Image: Egg-laying facilities
Ben Margot  /  AP
A barbed wire fence separates chicken egg-laying facilities at the J.S. West Milling Co. plant in Hilmar, Calif.
updated 4/21/2006 6:40:38 PM ET 2006-04-21T22:40:38

Only half of Americans are confident their government will deal effectively with the bird flu if it reaches the U.S., and they want strong steps including quarantine and closed schools if there’s an outbreak among people, according to a poll.

The AP-Ipsos survey, out Friday, found widespread expectation that birds will become infected in this country in the next year, as the government predicts. One third worry someone in their family will get it.

The virulent strain of bird flu spreading through Asia, Europe and Africa has killed 110 people, and more than 200 million birds have died from the disease or been slaughtered in efforts to contain it. Scientists fear it could mutate into a form that spreads more easily among people.

The U.S. government is stepping up inspection of migratory wild birds and poultry companies are testing nearly every flock for the first signs the virus has come. Federal officials have expressed confidence that they can keep the virus out of the human food chain if domestic flocks become infected.

BIRD FLU POLL
Americans aren’t so sure. In the poll, 52 percent said they were not confident the government would handle an outbreak properly; 48 percent were confident. Almost two-thirds expect U.S. birds to become infected.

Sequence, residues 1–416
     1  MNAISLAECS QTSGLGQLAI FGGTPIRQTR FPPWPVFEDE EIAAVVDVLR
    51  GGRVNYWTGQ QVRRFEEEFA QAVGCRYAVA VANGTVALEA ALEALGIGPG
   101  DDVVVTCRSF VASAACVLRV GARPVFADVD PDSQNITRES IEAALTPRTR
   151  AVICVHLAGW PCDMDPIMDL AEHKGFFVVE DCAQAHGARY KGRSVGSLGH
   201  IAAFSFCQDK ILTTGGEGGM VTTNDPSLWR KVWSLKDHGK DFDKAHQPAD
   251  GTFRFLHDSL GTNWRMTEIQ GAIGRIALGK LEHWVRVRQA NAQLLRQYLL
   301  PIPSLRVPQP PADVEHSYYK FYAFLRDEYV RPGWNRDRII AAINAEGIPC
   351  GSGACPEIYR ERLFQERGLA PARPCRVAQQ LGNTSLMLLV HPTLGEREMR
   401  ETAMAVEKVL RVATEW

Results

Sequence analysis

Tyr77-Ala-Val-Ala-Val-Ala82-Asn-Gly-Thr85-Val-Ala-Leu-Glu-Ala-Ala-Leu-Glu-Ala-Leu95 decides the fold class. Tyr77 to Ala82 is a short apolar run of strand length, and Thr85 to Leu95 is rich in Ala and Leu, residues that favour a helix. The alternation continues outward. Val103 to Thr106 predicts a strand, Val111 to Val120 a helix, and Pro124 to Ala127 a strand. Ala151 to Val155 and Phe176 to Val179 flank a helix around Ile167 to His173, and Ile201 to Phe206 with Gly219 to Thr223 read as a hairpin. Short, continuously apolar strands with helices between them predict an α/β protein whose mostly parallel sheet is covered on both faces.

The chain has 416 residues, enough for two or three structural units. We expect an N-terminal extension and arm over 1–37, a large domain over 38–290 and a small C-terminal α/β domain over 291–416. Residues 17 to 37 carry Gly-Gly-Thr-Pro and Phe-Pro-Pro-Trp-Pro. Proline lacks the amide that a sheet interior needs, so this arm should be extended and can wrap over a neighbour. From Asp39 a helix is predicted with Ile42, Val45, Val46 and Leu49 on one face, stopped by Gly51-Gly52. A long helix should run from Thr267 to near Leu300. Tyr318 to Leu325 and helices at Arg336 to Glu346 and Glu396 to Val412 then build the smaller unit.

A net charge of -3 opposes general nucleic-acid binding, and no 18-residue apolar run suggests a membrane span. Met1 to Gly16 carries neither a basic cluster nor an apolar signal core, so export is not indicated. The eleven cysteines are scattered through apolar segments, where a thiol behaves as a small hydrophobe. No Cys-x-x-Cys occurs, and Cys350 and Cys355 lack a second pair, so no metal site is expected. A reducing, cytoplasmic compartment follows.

“I’m afraid they wouldn’t have enough vaccine,” said Stephen Barbas, a 61-year-old food distributor in Rochester, N.Y. “I’m not very confident in the government right now because of Katrina and Iraq.”

Fear is likely to spread if the virus is detected in the United States: Half of the people questioned said they thought the bird flu would kill them if they got it.

The survey found strong majorities in favor of these steps to contain any outbreak among humans: quarantining those who have been exposed to the bird flu, closing the borders to visitors from countries that have experienced the flu, closing schools, offering experimental vaccines or drugs, and encouraging people to work from home.

The poll of 1,001 adults was conducted Tuesday to Thursday with a margin of sampling error of plus or minus three percentage points.

© 2012 The Associated Press. All rights reserved. This material may not be published, broadcast, rewritten or redistributed.

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